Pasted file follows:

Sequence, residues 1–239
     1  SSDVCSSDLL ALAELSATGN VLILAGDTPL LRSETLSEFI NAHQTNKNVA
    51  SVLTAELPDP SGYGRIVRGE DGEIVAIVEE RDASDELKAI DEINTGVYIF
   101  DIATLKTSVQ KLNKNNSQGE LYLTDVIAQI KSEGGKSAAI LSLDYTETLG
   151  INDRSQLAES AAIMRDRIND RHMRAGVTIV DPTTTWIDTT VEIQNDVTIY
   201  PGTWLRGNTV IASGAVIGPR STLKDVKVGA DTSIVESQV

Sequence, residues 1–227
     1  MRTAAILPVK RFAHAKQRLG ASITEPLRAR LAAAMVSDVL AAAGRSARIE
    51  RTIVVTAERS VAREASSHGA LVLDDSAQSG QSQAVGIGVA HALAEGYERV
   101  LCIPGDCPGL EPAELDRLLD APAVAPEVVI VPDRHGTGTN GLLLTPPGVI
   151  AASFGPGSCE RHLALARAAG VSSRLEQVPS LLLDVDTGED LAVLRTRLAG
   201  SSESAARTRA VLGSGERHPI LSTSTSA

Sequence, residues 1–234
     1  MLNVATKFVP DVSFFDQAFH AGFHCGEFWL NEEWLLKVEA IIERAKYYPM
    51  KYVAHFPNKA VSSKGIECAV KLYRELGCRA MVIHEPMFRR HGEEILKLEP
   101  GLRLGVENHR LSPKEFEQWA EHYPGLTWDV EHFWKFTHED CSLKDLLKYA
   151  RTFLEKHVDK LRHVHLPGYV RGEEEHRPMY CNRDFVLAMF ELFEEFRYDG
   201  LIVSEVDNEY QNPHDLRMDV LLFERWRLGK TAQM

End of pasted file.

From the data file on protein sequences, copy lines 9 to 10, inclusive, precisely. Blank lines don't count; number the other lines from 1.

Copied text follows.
    51  RTIVVTAERS VAREASSHGA LVLDDSAQSG QSQAVGIGVA HALAEGYERV
   101  LCIPGDCPGL EPAELDRLLD APAVAPEVVI VPDRHGTGTN GLLLTPPGVI